Monday, 26 Feb 2024

Why Control looks like that

The architecture in Control isn’t just for show.

That was my takeaway from sitting down with Remedy Entertainment’s art director and world design director for a discussion about The Oldest House, where Control takes place. As everyone knows by now, The Oldest House is a Brutalist heap.

The style emerged after World War 2, and was predominantly used in municipal buildings or apartment blocks. It became shorthand for “creepy totalitarian government,” thanks to appearances in futuristic films and our own evolving design sensibilities. No style provokes as much love or revulsion as Brutalism does.

But Brutalism isn’t just a skin that Remedy pulled over their own creepy government agency, the Bureau of Control. It’s a perfect distillation of the studio’s own design goals, and Control’s gameplay.

A core part of Remedy’s design philosophy is that it should feel like the player has an effect on the world. The Oldest House does that be being made of beautiful, reactive concrete. Concrete is inextricable from Brutalist architecture. You can learn more about that in this great episode of 99% Invisible, which was created with input from the guy who literally wrote the book on concrete.

Anyway, concrete dictates how Control responds to player input. When Jesse Faden hovers and then slams into the ground, you get an impact crater. Bullets leave scars and fill the air with dust. I can rip out a gnarly chunk of wall and throw it, or use it as a shield. If I throw furniture it can explode on impact because concrete is really hard.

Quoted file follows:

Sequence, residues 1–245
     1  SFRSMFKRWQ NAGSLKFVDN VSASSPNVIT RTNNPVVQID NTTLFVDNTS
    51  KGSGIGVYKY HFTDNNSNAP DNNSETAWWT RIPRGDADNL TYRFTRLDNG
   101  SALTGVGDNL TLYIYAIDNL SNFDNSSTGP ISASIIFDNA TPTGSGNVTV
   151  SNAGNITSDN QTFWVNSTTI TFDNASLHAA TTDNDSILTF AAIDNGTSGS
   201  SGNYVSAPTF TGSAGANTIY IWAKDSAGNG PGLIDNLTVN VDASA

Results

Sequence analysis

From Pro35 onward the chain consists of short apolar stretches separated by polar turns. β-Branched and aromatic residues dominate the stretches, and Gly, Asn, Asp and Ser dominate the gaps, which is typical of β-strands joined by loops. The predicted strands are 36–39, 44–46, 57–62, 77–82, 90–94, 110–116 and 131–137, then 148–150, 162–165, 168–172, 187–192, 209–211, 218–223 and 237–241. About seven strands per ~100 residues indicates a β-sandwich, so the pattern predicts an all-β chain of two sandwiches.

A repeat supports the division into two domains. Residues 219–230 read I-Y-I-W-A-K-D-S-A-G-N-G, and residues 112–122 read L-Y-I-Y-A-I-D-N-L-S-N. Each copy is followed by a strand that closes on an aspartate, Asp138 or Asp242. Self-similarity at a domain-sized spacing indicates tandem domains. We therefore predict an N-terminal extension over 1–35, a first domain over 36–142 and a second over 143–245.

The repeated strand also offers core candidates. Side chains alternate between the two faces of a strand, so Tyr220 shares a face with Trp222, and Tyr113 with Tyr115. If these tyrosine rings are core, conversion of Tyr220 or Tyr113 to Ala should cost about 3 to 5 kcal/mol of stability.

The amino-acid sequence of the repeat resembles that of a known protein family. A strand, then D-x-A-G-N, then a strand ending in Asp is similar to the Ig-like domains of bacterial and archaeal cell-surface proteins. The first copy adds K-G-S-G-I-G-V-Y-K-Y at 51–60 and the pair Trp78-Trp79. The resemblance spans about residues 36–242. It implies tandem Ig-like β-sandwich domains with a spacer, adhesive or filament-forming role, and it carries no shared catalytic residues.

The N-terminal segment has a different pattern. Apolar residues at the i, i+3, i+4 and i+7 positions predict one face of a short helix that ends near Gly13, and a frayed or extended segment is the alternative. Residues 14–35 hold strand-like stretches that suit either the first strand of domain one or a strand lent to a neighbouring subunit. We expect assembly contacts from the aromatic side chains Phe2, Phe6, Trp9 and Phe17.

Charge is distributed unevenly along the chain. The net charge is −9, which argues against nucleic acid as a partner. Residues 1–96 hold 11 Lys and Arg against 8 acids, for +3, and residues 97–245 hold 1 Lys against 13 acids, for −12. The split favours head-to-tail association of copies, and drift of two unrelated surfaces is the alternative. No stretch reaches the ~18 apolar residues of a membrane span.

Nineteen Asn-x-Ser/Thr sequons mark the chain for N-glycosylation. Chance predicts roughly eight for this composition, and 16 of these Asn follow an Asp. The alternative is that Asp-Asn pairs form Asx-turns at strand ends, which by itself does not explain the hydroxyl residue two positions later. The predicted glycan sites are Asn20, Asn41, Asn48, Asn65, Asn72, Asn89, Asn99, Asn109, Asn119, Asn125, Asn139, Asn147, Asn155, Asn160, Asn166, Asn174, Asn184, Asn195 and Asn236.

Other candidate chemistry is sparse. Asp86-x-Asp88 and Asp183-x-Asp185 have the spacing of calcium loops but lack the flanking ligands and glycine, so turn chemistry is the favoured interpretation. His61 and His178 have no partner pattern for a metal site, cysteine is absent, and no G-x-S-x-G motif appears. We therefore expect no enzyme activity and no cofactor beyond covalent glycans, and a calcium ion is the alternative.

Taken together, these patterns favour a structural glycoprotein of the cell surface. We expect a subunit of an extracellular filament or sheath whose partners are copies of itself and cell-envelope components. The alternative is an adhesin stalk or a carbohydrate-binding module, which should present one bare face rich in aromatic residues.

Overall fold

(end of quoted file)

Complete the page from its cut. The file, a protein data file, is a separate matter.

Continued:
A fight in Control begins with smooth, bare walls and ends in a catastrophe of rubble that tells the story of the fight.

To learn more about concrete, Brutalism, and the design behind our #2 pick for game of the year, watch this video! Make sure you subscribe, and then hop into the comments to party with your fellow concrete-lovers (or haters). To learn more about how Control was made, check out our video on particle effects, which breaks down how the Hiss was created. For more behind-the-scenes talks with creators, watch our interview with Austin Wintory, where he explains how hard it was to compose the penultimate song on the Journey soundtrack.

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